Parents have received the warning before, but we fear too few have listened.

Most of us who are parents think our children are wonderful. They bring great joy to our lives - even though they can be a challenge at times.

But, parents, there is a pretty good chance your child is doing things on Facebook, Twitter and other social media websites that you don't know about.

And you can't protect them if you don't know what they're up to.

When attached to a computer or smartphone, Annie might not behave like the lovely child you raised. And, Bobby ... He might be sharing pictures you'd hope he'd never see, and befriending people he doesn't even know.

That's exactly why you need to be nosy and ask your kids what they're doing on the Internet. It's not about being an overbearing parent; it's about keeping your child safe from harm.

Here are two cases in point from last week in Indiana.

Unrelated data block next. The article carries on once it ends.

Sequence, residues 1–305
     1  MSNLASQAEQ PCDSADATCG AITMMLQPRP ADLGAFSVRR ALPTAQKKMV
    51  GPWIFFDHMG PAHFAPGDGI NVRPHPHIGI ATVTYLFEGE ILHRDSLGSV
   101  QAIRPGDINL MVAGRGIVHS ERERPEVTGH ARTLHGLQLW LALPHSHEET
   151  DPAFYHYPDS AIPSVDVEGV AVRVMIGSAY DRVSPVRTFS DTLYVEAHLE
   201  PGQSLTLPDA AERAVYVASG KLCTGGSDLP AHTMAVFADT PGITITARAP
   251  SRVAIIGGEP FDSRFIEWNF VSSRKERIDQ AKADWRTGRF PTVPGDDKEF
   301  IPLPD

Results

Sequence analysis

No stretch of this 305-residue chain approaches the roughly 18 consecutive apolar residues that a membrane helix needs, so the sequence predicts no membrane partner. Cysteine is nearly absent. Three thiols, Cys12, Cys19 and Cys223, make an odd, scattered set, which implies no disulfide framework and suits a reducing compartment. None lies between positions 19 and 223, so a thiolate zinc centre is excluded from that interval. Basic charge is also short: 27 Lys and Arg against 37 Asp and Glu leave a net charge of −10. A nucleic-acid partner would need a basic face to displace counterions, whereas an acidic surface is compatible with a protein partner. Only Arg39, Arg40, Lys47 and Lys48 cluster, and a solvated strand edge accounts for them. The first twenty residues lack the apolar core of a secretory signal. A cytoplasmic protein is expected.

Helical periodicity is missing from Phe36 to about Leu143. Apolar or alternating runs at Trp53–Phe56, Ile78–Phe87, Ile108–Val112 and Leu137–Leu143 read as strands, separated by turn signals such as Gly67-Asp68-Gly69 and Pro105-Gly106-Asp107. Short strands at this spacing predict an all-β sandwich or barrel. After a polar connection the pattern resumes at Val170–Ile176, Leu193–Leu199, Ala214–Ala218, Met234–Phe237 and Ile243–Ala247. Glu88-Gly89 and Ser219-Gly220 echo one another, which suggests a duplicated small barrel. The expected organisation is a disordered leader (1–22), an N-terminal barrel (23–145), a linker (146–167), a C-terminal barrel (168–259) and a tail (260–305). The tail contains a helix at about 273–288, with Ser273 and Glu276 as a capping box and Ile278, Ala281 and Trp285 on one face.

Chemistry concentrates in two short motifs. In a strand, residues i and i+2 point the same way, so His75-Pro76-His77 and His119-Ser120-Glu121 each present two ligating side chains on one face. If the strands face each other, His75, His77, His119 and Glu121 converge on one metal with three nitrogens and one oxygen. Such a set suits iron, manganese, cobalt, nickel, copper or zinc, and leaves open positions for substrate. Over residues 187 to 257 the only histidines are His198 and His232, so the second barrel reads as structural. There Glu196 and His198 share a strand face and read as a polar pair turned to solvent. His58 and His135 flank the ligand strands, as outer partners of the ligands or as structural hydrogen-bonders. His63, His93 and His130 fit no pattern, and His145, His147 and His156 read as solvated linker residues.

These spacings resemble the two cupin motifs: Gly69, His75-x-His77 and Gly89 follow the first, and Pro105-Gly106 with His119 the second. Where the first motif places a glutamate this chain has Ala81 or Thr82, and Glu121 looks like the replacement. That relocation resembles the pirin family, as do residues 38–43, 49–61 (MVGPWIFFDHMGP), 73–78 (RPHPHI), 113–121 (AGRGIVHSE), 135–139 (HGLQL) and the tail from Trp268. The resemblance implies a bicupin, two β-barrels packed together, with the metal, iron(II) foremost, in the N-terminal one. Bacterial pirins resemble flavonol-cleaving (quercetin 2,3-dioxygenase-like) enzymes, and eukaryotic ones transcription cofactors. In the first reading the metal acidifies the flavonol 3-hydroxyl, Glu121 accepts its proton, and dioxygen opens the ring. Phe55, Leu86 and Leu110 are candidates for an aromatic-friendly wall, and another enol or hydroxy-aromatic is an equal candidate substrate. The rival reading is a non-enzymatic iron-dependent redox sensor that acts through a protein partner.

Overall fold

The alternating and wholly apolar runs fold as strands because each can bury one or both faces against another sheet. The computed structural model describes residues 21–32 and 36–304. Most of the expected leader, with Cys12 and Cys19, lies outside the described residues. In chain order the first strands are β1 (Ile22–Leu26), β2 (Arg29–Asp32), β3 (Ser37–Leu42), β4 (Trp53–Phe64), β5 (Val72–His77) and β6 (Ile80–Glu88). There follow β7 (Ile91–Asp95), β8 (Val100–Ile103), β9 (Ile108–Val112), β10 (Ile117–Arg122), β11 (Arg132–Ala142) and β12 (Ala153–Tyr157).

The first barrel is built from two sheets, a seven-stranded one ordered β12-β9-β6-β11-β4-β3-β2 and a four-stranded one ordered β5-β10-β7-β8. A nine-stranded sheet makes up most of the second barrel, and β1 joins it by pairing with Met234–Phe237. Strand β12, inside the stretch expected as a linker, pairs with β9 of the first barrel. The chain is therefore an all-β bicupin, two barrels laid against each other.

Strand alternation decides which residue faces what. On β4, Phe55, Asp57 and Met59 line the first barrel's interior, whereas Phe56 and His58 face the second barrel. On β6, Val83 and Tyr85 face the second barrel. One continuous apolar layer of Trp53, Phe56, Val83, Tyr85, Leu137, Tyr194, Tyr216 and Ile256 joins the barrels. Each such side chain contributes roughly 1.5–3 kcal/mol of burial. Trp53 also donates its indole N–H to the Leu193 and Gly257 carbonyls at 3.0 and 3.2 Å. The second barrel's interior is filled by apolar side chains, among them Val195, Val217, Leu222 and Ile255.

• A 16-year-old girl allegedly drove 60 miles from Monticello to LaPorte to beat up a 17-year-old girl for posting rumors about her on Facebook. Police say the teen knocked the other girl down and kicked her. She's now being held on charges of battery, curfew violation and resisting law enforcement.

• Indiana's law banning registered sex offenders from using Facebook or other social networking sites that can be accessed by children was ruled unconstitutional by a federal appeals court.

The court said the state was justified in trying to protect children but that the "blanket ban" went too far by restricting free speech.

We know there were local sex offenders on Facebook even while the ban was in place. A statewide ban is only as good as how it well it is being enforced.

We can't say this enough: Know what your children are doing online. Look at their Facebook fans and Twitter followers. Make sure they use strict privacy settings, and demand they give you all the usernames and passwords to any account they have set up online.

Nothing is more important than protecting our young people. Without proper guidance and limitations, they can easily stray from the path we have provided for them. That's why parents must be diligent in making sure online activity is monitored and kept as safe as possible.